Interacting With Your Battalion Commander

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By Scott Shaw

So you’re in the Staff College, on the Division Staff, or just about to take that Iron Major position. CONGRATULATIONS! You’re about to assume a very important role. Majors run Brigade Combat Teams and Brigade Combat Teams are what accomplish our Army’s missions. Now, let’s get to work because that’s what field grade officers do.

I have been asked many times, “How can I best interact with my battalion commander?” Commanding through commanders, as battalion commanders do, is much different than the mostly direct leadership style of company command. Many field grade staff officers struggle in their ability to transition from that direct style of leadership to being able to support their commander as he or she “commands through commanders.” In this post, I will describe a few methods that worked for me and may lead you to success with you battalion commander.

Commanders are responsible for many things. In fact, they are charged in AR 600-20 Army Command Policy (Ch 2-1b to be specific) with “everything their command does or fails to do.” They are busy people. Your job is to take as much off their plate as you can so that they can do the second thing that they are directly charged with accomplishing: “Drive the operations process through understanding, visualizing, describing, directing, leading, and assessing operations.”(ADP 5-0 p2) Instead of asking “How can I best interact with my battalion commander,” a better question might be “How can I best support my commander accomplish their task of understanding, visualizing, describing, and directing our organization?” OR “How do I translate concepts into detailed plans?”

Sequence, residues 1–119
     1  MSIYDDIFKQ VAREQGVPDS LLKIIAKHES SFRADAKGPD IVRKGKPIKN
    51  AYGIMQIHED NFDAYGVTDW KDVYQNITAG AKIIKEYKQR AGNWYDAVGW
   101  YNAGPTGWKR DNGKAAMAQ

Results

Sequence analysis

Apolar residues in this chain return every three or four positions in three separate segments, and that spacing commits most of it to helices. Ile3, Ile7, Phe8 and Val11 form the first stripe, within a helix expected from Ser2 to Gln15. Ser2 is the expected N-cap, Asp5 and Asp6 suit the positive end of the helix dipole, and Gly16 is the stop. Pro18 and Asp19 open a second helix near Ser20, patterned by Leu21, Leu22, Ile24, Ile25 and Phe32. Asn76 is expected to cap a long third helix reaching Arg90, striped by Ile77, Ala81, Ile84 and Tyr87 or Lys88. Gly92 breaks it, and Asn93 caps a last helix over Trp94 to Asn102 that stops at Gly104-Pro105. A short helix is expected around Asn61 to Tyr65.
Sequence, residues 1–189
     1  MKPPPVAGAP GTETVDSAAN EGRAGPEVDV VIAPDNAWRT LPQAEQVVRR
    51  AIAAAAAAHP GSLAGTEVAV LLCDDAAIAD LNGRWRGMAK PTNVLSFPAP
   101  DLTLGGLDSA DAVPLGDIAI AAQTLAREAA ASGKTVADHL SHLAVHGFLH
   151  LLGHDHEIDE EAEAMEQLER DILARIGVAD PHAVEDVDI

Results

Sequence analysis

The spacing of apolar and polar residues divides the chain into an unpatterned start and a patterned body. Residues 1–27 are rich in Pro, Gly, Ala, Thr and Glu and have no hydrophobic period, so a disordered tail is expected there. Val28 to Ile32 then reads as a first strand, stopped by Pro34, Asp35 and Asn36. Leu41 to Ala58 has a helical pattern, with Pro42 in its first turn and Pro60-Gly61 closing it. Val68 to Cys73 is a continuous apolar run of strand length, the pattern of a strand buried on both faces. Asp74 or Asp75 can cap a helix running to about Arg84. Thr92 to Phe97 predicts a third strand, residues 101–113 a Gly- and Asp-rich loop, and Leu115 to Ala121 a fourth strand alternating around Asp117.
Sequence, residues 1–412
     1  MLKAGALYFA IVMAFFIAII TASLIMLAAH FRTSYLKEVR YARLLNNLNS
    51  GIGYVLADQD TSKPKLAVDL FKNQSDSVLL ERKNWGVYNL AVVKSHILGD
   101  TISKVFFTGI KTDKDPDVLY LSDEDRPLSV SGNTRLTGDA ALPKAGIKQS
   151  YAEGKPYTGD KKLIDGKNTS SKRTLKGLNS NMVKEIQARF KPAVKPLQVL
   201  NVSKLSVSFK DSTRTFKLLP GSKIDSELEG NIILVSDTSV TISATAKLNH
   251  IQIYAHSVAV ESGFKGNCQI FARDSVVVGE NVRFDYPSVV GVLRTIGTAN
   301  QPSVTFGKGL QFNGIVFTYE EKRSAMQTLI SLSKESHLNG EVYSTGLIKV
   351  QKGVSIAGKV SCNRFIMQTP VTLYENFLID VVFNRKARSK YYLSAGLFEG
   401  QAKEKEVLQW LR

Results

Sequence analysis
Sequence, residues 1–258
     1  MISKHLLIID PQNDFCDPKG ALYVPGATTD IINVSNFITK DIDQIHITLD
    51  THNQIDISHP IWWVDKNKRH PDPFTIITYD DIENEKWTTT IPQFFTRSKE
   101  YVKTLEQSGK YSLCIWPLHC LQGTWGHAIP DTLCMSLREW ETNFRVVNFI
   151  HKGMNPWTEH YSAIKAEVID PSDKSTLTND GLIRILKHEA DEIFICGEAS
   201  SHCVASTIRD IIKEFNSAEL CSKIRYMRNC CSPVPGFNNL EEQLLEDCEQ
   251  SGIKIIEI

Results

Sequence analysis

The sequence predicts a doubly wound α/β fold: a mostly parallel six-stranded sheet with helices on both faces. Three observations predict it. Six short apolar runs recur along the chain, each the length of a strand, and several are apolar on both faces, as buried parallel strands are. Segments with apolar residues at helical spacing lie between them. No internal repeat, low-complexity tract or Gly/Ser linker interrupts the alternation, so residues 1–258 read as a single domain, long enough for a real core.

Before you assume your position: Discuss this topic with peers. Talk to colleagues from your days as a company commander, post-command assignments, the staff college, and in your current assignment. Ask questions like “What method are you using to engage your commander – face to face, email, meetings, etc?” “How often are you and your commander discussing operations in the battalion?” and “Is there a medium that your commander prefers to have his or her information presented?” Field grade leadership is about team ball and you need to reach out to as many people as you can to help you support your battalion in the best manner you can.

Method 1 – Initial Counseling: Most battalion commanders are going to conduct some sort of initial counseling session either before you report to the battalion or on the first day you’re in the battalion. They may lay out how they process information (Understand and Visualize) and how they communicate to the higher and lower units (Describe and Direct). If not, you need to proceed to Method 2.

Method 2 – Simple Observation: Spend time with the commander. Go to training with them. Watch them interact with the company commanders. Learn how they process information and how they then communicate what they process. Finally, formulate a plan for how to make that more efficient and effective. If this isn’t working, proceed to Method 3.

Method 3 – Talk to the Command Sergeant Major, your fellow field grade, and the Operations Sergeant Major: Chances are your Command Sergeant Major knows how the Battalion Commander processes information and communicates what they process. He or she likely has thought of a method to make it more efficient and effective. Your fellow field grade (if they have been in the battalion longer than you) likely has as well. Finally, the operations sergeant major (or operations sergeant) has likely seen the commander in the command post and the battalion area and will have some insight on the same. If that still doesn’t answer your question, proceed to Method 4.